NorthWestern, city ink agreement on street light conversion; ongoing costs still an issue
NorthWestern Energy will begin converting its street lights in Missoula with energy efficient LEDs under an agreement approved Wednesday by members of the City Council.
While the conversion will save the city nearly $80,000 annually in electrical costs, issues over recurring payments and uncertain rate adjustments remain a concern.
Jeremy Keene, director of Public Works for the city, said Missoula’s 59 active street lighting districts were created between 1912 and 1995. They’ve seen little change over the years and no new districts have been created in more than 20 years.
In the past, members of the City Council have expressed concerns over the districts and the lights within them, including lighting quality and location. In some cases, the street lights aren’t compliant with Missoula’s dark skies ordinance and they don’t improve public safety.
“There’s also a lot of concern that we’re paying too much,” Keene said Wednesday. “These districts have been around for a long time. We’ve paid the same rates for many, many years and most likely, we’ve paid back the capital costs of those districts many times over.”
While that issue must be corrected at the legislative level, Keene said, the LED conversion marked a good starting point, and the city’s agreement with NorthWestern sets the groundwork.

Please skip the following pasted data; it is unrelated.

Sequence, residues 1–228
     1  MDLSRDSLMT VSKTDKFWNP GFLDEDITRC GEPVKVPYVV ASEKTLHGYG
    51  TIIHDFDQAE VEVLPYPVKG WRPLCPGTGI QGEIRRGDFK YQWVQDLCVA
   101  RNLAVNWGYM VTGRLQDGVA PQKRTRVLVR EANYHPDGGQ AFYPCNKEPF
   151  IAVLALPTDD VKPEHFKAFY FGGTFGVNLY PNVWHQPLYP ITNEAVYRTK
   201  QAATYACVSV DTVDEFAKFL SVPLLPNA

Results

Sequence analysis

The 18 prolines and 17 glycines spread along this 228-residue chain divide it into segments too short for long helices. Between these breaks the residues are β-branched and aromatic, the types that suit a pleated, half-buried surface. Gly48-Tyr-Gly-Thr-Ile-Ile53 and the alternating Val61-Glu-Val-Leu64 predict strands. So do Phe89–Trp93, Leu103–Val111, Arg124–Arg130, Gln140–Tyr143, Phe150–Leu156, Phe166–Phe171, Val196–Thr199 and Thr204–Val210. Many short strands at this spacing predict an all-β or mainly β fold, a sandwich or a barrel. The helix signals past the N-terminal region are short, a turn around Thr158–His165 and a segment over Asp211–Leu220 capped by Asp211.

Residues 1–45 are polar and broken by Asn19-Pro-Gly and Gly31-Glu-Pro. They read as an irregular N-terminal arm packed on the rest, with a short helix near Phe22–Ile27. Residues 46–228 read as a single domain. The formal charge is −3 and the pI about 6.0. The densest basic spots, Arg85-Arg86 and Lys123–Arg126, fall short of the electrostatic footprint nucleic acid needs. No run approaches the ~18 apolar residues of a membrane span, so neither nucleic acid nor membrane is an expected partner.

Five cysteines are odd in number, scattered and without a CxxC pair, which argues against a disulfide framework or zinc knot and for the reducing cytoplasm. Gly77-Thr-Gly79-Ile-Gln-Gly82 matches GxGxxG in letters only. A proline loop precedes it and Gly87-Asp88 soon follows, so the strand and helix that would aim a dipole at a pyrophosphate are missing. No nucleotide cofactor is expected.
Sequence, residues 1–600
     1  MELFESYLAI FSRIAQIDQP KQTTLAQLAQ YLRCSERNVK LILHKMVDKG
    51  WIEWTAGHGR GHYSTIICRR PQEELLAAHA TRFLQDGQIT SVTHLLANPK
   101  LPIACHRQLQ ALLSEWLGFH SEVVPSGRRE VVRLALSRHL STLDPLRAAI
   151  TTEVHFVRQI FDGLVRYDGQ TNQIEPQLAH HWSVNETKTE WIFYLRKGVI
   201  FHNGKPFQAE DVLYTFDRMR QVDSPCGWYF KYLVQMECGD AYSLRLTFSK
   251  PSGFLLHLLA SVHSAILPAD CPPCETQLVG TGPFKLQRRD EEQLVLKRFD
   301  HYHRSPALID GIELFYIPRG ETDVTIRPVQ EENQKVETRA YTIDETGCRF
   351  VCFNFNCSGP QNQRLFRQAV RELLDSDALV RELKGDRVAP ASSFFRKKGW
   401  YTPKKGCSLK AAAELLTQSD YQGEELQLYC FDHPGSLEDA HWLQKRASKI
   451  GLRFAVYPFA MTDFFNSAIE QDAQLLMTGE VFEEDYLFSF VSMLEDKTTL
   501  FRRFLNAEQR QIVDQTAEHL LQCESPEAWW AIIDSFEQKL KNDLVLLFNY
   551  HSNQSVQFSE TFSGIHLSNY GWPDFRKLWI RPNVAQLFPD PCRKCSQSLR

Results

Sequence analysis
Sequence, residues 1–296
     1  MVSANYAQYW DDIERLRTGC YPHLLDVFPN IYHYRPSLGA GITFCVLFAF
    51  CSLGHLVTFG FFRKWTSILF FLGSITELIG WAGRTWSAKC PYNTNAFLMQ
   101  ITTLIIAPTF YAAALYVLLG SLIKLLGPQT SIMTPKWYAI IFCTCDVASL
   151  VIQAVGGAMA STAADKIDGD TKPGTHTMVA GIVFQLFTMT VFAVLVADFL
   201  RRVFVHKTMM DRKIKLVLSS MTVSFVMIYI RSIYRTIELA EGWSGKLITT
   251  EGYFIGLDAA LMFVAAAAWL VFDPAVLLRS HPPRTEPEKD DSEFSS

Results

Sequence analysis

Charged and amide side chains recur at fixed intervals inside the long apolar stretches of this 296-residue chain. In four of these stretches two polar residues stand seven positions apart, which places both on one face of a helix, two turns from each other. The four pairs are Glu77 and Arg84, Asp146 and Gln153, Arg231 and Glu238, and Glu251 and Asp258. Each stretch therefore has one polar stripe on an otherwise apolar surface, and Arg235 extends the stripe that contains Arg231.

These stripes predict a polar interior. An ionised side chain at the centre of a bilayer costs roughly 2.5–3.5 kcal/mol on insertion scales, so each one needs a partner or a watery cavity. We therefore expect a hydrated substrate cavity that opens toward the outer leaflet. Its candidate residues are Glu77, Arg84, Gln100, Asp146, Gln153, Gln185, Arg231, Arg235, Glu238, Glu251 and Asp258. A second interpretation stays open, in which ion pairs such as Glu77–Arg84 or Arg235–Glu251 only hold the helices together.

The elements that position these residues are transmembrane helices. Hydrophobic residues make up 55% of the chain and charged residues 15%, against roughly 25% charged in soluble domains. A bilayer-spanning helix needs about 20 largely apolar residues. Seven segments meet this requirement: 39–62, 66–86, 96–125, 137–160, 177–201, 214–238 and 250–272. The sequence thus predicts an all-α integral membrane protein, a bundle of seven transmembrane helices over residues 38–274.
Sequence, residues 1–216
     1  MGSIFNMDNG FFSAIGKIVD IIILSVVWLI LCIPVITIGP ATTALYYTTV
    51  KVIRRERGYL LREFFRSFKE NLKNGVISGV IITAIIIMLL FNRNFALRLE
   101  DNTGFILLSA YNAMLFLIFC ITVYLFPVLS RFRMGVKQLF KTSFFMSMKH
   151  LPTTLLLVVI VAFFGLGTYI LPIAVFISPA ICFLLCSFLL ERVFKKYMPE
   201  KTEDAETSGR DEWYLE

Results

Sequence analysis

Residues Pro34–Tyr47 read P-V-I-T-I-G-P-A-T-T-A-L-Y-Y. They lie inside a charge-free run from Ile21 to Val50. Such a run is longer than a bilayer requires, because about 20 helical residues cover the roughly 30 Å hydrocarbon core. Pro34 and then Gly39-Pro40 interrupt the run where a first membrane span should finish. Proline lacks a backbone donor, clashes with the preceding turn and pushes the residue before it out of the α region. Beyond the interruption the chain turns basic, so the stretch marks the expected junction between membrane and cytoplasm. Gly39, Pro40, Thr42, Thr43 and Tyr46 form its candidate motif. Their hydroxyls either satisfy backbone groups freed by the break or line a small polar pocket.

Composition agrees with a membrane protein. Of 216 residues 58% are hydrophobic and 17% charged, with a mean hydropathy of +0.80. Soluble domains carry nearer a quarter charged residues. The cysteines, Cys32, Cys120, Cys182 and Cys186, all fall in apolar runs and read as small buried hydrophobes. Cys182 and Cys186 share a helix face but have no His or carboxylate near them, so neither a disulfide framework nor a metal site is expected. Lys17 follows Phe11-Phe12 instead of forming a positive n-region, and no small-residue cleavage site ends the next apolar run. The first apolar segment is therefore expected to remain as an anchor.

The utility has begun changing out street lights across the state as part of a larger $24 million project. It plans to retrofit 43,000 high-pressure sodium lights with LEDs.
The new lights use 50% less electricity and last longer than their sodium predecessors. NorthWestern owns 1,800 street lights in Missoula and roughly 600 lights in Missoula County.
“All of this is done with no up front costs,” said Keene. “We’ll see the immediate savings from those more efficient fixtures. They’ve given us estimates that the districts within the city and county could save as much $96,000 a year.”
NorthWestern’s capital investment will likely be recovered in future rate adjustments.
While the changeover helps meet the city’s goals to reduce energy consumption, it doesn’t address lingering concerns about paying for the street lights in perpetuity.
“It’s been an ongoing topic on City Council for many years now, that we basically rent the lights and have paid for them many times over,” said council member Gwen Jones.
Keene said that’s a state issue that would require changes at the Legislature. The city has offered to purchase the local system from NorthWestern, though the utility declined to sell it.
“Our takeaway from this is that we’d be better off doing our own lighting, and owning and maintaining it ourselves,” said Keene. “That way we can recapture the cost to install lighting and we don’t have to pay it back multiple times over time. The trouble with that is that its hard to do, and we’re not in a position right now where we can go relight the whole city. That’s a major lift.”